Friday, September 05, 2008

Futurist Rogers leaves NYT, CNN gets Twitterized, CNBC links up with LinkedIn

Two years ago, new media guru Michael Rogers joined the NYTimes Company as its "Futurist in Residence." It was supposed to be a one-year appointment--and turned into two. This a.m., Jeff Bercovici in Conde Nast Portfolio reports that Rogers is now leaving NYTCo to go back to consulting

What did Rogers find out about the newspaper biz in the two years he was at NYTCo? Well, he's pretty sanguine on newspapers continuing: "I've been doing this for 20 years now, and the longer I do it the more it seems like a really good medium that's going to be around for quite a while longer." Although he admits that there will be a huge shakeout over the "next five to eight years" and that the Times, more than other papers, has been doing the right things and is in the right position.

I'd have to agree with Rogers (who I met in Feb '07 at the first Miami-based We Media conference) that NYT is indeed positioned to succeed--but not because it is a newspaper. Rogers says:"I think the Times is doing more than most any other media company I've worked with in the past."

The New York Times--without owning any TV stations and, according to Wikipedia, only one radio station and a limited number of newspapers--has indeed positioned itself as a media company, with lots of different kinds of online only media available through its homepage.

Perhaps NYTCo saw the future in Internet properties earlier than other newspaper companies, and wisely kept its resources focused on newspapers and the Internet--rather than dabbling heavily in cross-media ownership like Tribune. That focus could be what has enabled NYTCo to be far more than just an big ole newspaper with a lukewarm online presence. As a media company, NYTCo could conceivably compete with other growing media companies *and* keep a print edition going.

Meanwhile cable TV's news behemoth, CNN has delved further into social media. As I learned last night from Jack Lail, CNN is making some smart moves on Twitter, and Mashable reported that CNN anchor and editor Don Lemon was on Twitter fishing for replies after segments....

I decided to follow Lemon--and you can too at @donlemoncnn. I may have to start thinking politically if I want to converse with Lemon. I hope my head doesn't explode ;-)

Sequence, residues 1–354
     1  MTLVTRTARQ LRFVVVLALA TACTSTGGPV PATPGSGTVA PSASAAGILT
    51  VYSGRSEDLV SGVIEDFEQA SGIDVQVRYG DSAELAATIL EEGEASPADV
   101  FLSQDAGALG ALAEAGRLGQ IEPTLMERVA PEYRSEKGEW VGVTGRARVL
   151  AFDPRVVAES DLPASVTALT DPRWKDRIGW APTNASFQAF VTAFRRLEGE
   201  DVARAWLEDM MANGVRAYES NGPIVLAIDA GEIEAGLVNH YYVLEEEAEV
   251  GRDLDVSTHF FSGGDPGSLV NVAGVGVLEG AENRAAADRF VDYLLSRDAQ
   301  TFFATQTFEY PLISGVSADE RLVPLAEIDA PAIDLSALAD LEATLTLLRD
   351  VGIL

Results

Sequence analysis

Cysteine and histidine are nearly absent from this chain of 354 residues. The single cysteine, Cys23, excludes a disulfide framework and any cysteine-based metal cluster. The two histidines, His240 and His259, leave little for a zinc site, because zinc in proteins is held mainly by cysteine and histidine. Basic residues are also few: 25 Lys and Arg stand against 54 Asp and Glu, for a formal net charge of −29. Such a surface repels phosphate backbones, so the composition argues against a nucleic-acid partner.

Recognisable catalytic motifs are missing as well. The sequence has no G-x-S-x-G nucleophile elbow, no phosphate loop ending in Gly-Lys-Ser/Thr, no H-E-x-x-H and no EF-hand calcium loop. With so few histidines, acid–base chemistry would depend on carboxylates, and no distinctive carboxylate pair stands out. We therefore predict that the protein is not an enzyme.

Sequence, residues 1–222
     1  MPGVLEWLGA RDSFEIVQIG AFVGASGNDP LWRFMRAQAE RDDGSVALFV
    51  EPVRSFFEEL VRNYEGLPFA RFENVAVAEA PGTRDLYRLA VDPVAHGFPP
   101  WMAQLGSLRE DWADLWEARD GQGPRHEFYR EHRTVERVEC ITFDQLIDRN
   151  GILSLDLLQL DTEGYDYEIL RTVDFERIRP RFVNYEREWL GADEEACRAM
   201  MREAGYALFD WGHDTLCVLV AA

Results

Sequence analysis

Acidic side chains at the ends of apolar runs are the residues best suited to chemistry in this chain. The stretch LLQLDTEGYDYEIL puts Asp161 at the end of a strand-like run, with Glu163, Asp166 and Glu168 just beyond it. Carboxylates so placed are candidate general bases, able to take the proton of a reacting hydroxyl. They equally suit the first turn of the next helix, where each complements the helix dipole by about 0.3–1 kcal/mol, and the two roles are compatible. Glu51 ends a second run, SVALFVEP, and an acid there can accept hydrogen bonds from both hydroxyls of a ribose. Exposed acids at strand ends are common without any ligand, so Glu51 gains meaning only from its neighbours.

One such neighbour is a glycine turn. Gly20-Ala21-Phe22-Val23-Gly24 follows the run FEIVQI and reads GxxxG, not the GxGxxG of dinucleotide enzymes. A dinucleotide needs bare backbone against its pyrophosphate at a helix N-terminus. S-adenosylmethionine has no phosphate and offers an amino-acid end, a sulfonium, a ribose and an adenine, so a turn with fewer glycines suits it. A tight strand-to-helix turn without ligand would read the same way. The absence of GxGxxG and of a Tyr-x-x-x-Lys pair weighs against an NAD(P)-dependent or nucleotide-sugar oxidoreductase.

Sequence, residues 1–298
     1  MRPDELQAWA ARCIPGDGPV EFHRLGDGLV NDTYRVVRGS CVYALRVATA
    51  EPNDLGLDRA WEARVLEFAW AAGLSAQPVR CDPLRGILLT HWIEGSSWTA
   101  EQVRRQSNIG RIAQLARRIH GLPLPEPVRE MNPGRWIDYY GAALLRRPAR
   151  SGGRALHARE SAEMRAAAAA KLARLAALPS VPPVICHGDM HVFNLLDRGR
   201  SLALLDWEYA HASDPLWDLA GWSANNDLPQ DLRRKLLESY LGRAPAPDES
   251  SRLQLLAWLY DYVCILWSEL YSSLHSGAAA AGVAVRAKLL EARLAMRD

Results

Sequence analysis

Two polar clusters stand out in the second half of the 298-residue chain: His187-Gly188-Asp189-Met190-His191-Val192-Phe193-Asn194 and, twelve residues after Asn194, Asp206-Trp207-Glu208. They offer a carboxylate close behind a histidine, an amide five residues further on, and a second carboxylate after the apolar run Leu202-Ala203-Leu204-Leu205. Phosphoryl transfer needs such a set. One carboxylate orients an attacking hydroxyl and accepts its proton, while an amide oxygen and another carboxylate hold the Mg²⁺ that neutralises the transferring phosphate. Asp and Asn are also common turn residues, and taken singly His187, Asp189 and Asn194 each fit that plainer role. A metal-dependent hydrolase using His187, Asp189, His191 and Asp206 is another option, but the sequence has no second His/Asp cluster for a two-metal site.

And speaking of media outlets (like cable tv) getting "social": CNBC announced on Wednesdaya partnership with LinkedIn
Under the agreement, CNBC will become LinkedIn's preferred business media provider and will offer CNBC text, articles and blogs, financial data, and video content selected from its nearly 100 on-air interviews broadcast each day to LinkedIn's large, growing, global user base. Conversely, community-generated content from LinkedIn will be broadcast on CNBC including survey results and on-air Q&As with CNBC guests and reporters. In addition, CNBC will integrate LinkedIn community and networking functionality into, enabling users to share and discuss news with their professional networks.

Now, this makes me wonder--will CNBC be trying to make some dough off of User-Generated Content by doing the whole niche thing? And do LinkedIn users want to be mingling with CNBC and handing over UGC for CNBC's use?

But this isn't the only "strategic" partnership LinkedIn is making with big media: Wired Mag's Chris Snyder mentions briefly that LinkedIn is also partnering with BusinessWeek on BusinessExchange (which I blogged about here) Funny thing about what Snyder says about BusinessExchange--that "a community of readers can create and discuss various business topics, wiki-style." Business Exchange has been said to be many thing, and now it's adding wiki-style to the description. I'm beginning to feel like I'm a character in the story of the blind men elephant when it comes to Business Exchange. Guess we won't know exactly what it is until our media blindfolds are off.

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